You’re a smoker. As if you needed another reason to quit: In addition to lung cancer, heart disease, and stroke, smoking cigarettes can also contribute to osteoporosis.
Posted: 02 Nov 2016 06:34 AM PDT
I’m not one for meditating. It’s not that I don’t believe in the virtues and benefits of the practice, but my mind tends to wander and instead of coming out of a session feeling zen, I instead emerge worried about my next deadline or the mysterious cough my 4-year-old daughter might have. Oh, and I’m eight months pregnant, so I feel my little girl kicking me pretty much constantly.
But when alternative medicine advocate and meditation guru Dr. Deepak Chopra organizes a small group, 20-minute meditation, it’s an opportunity not to be missed. Such was the case at Fortune’s Brainstorm Health conference in San Diego, where on Tuesday, Chopra led a meditation for the conference’s two-hundred plus attendees.
Meditation has increasingly become a booming business. In 2015, the meditation and mindfulness industry raked in nearly $1 billion, according to research by IBISWorld, which breaks out the category from the alternative health care sector. There’s also revenue collected from the growing number of mindfulness apps, like Calm.com and Headspace.
Here’s what the Chopra experience was like:
Chopra first instructed the group to relax their stance and close their eyes with their palms open. He then asked the group to start paying attention to their breathing, and told the group that if their mind wandered that was ok, and to be bring it back to the present.
Chopra then asked the group to ask themselves a series of questions, including: “Who am I?” and “What is my purpose?”
He asked the audience to try to listen to their heartbeat, and see if they could feel the energy of it in their fingertips.
Chopra also asked the group to repeat their name to themselves, starting with their full name and then shortening it to their first name. And he called on the crowd to say a silent mantra to themselves.
Lastly, he told the group to slowly open their eyes.
I’m surely missing some of the moments—because at times, I felt like I was meditating. Twenty minutes felt more like five, and I returned to the present feeling surprisingly rested. And ready to tackle the deadline for this article.
Posted: 02 Nov 2016 06:18 AM PDT
There’s more to pond scum than meets the eye.
Just ask Nobel Prize-winning scientist Elizabeth Blackburn, now the President of the Salk Institute, who earned her Laureate status, in part, for insights gleaned from that lowly life form.
Blackburn is famous for her work on telomeres—the chromosome-capping entities that protect genetic material as it replicates. Telomeres wear down over time, she discovered—and that erosion corresponds to aging.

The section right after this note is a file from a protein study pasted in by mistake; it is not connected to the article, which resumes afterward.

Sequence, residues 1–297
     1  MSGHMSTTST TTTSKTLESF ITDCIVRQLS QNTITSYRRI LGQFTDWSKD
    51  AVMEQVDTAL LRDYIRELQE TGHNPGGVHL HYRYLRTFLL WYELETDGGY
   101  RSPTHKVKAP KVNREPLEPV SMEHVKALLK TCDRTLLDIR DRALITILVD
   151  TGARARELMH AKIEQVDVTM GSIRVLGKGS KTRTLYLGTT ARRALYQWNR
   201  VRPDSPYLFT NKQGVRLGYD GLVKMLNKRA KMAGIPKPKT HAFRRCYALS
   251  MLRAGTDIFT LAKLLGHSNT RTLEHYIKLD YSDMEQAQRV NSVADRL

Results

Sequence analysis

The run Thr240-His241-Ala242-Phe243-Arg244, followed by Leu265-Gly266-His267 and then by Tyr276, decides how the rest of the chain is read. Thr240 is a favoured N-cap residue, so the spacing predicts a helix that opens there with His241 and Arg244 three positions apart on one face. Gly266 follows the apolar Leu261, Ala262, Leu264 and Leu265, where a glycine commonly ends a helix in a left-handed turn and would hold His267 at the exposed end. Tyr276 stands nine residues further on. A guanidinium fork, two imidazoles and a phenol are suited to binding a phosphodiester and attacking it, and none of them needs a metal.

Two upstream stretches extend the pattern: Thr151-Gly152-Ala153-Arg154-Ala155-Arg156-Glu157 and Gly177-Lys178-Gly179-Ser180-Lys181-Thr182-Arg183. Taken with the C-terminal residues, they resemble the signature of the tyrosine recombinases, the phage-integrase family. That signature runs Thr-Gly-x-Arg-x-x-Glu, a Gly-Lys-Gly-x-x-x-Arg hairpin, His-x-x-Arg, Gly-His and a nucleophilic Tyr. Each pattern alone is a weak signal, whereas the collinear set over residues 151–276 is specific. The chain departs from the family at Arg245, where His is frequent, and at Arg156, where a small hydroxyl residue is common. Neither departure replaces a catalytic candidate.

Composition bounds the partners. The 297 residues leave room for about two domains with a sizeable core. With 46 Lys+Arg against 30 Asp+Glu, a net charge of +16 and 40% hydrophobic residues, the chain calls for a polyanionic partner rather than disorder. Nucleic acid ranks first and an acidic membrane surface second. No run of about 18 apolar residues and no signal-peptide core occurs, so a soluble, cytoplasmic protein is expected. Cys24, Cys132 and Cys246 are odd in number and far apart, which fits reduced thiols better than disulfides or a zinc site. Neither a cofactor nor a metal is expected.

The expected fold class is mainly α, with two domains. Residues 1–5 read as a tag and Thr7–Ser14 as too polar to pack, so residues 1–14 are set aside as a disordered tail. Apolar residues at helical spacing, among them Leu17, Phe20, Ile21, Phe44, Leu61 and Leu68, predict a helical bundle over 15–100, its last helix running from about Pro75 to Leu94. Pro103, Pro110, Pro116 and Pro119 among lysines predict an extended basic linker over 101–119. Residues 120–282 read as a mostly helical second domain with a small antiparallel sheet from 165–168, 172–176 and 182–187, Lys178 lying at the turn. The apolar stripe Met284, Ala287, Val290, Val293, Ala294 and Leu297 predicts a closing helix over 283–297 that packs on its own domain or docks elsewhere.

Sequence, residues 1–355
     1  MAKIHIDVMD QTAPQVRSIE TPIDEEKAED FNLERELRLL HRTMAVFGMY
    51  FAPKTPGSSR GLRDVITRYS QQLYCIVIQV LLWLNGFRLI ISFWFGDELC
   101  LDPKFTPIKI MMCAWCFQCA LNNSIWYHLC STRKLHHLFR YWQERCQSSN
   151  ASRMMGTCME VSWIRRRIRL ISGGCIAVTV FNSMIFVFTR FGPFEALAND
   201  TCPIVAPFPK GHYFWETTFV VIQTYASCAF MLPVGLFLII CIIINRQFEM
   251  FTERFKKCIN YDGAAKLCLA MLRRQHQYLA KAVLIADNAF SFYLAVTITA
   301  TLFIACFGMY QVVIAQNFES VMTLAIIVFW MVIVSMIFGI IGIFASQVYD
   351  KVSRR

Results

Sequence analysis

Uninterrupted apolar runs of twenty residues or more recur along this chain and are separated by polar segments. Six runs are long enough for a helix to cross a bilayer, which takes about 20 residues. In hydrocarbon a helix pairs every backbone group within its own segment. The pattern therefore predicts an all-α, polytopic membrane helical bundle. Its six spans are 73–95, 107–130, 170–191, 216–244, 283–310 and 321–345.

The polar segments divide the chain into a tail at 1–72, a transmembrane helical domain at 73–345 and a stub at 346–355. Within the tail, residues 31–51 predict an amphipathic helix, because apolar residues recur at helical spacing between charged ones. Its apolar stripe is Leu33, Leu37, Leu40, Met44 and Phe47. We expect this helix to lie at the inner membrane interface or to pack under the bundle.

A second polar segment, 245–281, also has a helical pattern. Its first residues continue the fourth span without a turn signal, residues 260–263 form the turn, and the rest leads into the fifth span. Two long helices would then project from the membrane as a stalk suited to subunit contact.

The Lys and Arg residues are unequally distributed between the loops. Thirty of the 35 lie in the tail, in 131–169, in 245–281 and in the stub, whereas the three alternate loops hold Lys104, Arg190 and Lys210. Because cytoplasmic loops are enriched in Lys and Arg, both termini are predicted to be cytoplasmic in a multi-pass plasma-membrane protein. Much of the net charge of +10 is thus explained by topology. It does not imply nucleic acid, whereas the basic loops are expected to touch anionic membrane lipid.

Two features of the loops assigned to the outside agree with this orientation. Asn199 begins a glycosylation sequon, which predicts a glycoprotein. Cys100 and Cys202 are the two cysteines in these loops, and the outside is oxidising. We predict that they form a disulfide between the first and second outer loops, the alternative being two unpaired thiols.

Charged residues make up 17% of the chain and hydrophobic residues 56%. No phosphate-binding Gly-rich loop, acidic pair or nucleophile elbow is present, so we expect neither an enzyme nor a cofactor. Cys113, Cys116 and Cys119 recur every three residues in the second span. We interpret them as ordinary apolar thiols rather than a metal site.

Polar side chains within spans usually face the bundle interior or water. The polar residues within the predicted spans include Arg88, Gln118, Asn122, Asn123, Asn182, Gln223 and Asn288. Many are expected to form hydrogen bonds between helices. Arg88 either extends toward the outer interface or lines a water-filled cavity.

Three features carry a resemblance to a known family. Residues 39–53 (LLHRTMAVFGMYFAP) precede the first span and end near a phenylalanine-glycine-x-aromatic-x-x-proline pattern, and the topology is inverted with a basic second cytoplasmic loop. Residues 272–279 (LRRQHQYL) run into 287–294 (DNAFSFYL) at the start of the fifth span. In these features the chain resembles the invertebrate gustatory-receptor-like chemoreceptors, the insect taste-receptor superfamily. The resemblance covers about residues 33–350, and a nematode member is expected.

She also discovered that telomerase, an enzyme plentiful in “pond scum,” but limited in humans, rebuilds telomeres and holds the secret to longevity.
Pond scum, she said, speaking at Fortune’s Brainstorm Health conference on Tuesday, is “an organism that multiplies forever and ever. We used to say, you could feed and talk nicely to it and it would multiply forever.”
It’s not so easy with human cells. Blackburn says telomerase can be a mixed blessing: while the enzyme allows the renewal of useful, necessary human cells—like blood cells—it also promotes the spread of cancer cells.
It will take more science to discover when telomerase becomes a danger, and how that knowledge might be used to improve health. For now, what we know about telomeres tells us a few basic things about how to live a longer life, says Blackburn, whose book, The Telomere Effect: The New Science of Living Younger, hits stores in January.
Her research has shown that people who exercise, sleep well, eat decent food, and keep a good attitude—“everything your mother told you,” she said—are more likely to preserve their telomeres and live longer. Her studies have also shown that long episodes of stress—dealing with a sick child, for instance—take a toll on one’s telomeres, and contribute to aging.
Of course, telomeres are only one piece of the puzzle, Blackburn explained. While the health of one’s telomeres correspond with longevity, it’s only one factor, she said.
Posted: 02 Nov 2016 05:00 AM PDT
Gluten is a type of elastic grain protein that helps wheat, rye and barley hold their shape. Because of its glue-like properties, gluten is often added to other food products—pasta, sauces, crackers, baked goods—to thicken or bind those products together.
Look closely at that list of foods, and it’s easy to see why some people who ditch gluten experience a wondrously slimming, invigorating health boost. Those sorts of quick-digesting refined carbohydrates tend to be high in unhealthy sugars. And if you’re like the average American, more than half of your daily calorie intake comes from those insalubrious goodies.
“These kinds of junk foods and refined carbohydrates promote weight gain and diabetes and disease,” says Dr. Joseph Murray, a professor of medicine and a gluten researcher at Mayo Clinic. So if you’re eating a lot of cookies, crackers and other grain-based snack foods, any diet that limits your intakes of them is bound to do your health some good. “But for those who don’t suffer from celiac disease, gluten isn’t inherently bad, and gluten-free foods aren’t inherently healthy,” he says.